Screens & Your Child

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The big reason we begin with ourselves is that we need to recognize that technology is addictive, or at least habit forming!
The big reason we begin with ourselves is that we need to recognise that technology is addictive, or at least habit forming!

By Vicky Gardner

Ask yourself: how much do you use screens? Are you moderating your use? Are you making sacrifices of your own screen time to parent your kids? Are you struggling against laziness or sloth in yourself?

This can be the hardest step. We aren’t a convincing model for our children or teens if we automatically answer our phone even when we are in a conversation, if we are constantly swiveling to a screen when teens are talking, or if we spend hours of time browsing social media, scanning YouTube, gaming, or viewing more harmful material.

We would like to challenge you to assess your own screen time together with your spouse.

“Remember, we are adults with fully-formed brains who have already survived school … Our kids don’t have that advantage.”

Maybe you need to track your usage for a week to get some data. Some phones like the iPhone will track your screen time and let you know how much time you’re actually using (or wasting) on the screen. Look at those numbers to see where you are using your time.

The big reason we begin with ourselves is that we need to recognise that technology is addictive, or at least habit forming! Remember, we are adults with fully-formed brains who have already survived school, navigated the job market, maybe even had successful careers before addictive tech came on the scene. Our kids don’t have that advantage. They have much less formation than we have had.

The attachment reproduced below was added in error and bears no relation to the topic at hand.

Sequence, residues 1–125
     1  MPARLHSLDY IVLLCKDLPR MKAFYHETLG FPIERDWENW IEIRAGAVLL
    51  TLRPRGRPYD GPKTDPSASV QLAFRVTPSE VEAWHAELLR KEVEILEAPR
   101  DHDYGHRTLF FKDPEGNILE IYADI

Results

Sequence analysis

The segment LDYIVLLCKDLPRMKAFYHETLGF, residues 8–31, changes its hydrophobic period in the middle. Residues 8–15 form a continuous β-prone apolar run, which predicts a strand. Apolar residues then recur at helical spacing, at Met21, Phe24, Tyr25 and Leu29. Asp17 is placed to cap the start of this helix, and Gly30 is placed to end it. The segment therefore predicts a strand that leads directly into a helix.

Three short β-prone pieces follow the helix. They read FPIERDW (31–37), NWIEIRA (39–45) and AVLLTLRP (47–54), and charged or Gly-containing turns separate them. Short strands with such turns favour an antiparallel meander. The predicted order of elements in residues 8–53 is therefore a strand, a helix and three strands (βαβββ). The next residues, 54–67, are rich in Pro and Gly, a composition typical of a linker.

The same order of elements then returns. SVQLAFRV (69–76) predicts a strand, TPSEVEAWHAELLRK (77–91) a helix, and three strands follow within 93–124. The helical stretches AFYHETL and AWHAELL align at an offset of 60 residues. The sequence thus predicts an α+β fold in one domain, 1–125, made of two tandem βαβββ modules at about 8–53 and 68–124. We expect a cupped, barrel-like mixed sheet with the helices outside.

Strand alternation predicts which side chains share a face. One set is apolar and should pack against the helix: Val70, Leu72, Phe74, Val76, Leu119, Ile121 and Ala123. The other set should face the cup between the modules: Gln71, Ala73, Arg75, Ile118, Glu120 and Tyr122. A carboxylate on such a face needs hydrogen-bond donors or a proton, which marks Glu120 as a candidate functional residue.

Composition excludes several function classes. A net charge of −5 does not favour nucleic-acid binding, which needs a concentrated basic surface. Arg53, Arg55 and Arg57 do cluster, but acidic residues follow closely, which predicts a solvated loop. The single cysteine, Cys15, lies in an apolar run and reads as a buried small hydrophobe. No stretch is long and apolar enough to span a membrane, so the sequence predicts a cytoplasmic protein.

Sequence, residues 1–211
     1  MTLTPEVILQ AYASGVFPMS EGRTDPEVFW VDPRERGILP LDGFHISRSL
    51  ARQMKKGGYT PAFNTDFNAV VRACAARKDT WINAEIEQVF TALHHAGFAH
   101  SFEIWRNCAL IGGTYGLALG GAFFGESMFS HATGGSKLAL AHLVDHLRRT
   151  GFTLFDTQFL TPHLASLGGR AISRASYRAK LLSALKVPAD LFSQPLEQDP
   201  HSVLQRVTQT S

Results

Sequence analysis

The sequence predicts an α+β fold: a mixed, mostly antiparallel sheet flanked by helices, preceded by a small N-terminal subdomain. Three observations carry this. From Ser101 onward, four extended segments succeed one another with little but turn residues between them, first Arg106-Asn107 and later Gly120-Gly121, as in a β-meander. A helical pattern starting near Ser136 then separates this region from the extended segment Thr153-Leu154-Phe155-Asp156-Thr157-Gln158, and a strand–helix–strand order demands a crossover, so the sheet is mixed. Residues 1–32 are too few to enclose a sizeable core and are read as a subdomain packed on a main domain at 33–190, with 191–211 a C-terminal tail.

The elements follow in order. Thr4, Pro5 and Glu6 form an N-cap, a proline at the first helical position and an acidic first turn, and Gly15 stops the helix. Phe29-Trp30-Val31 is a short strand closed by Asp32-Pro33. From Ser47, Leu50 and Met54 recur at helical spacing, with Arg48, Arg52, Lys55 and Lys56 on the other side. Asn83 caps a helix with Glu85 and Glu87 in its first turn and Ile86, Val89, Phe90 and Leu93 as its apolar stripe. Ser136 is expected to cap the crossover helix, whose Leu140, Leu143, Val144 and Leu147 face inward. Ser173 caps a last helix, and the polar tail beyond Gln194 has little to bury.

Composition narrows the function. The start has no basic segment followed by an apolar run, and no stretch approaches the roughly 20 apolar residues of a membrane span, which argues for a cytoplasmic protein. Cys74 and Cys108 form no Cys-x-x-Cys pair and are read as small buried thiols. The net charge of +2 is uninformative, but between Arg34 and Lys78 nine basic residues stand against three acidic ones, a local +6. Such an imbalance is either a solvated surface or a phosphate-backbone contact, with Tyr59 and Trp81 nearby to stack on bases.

If we ourselves struggle to limit screen time, we have got to understand that it’s even harder for our kids.
If we ourselves struggle to limit screen time, we have got to understand that it’s even harder for our kids.

Hopefully completing this exercise will make us more sympathetic to the struggles of a tween who finds video games more attractive than homework, or a teen trying to break the social media itch.

Our kids don’t have the psychological resources or knowledge we have: if we ourselves struggle to limit screen time, we have got to understand that it’s even harder for them.

“We aren’t a convincing model for our children or teens if we automatically answer our phone even when we are in a conversation …”

But just like we can’t give up on our own struggle to limit screen time, we can’t give up on them either. It’s part of our job.

Have a conversation with your spouse about your own screen use with our worksheet, found on our free resources page. You can download it here.

You can also find more information on our podcasts “What every parent needs to know about screens and technology,” “Screens and your child,” and “Technology and Kids.” and “Can Kids use Technology with Virtue?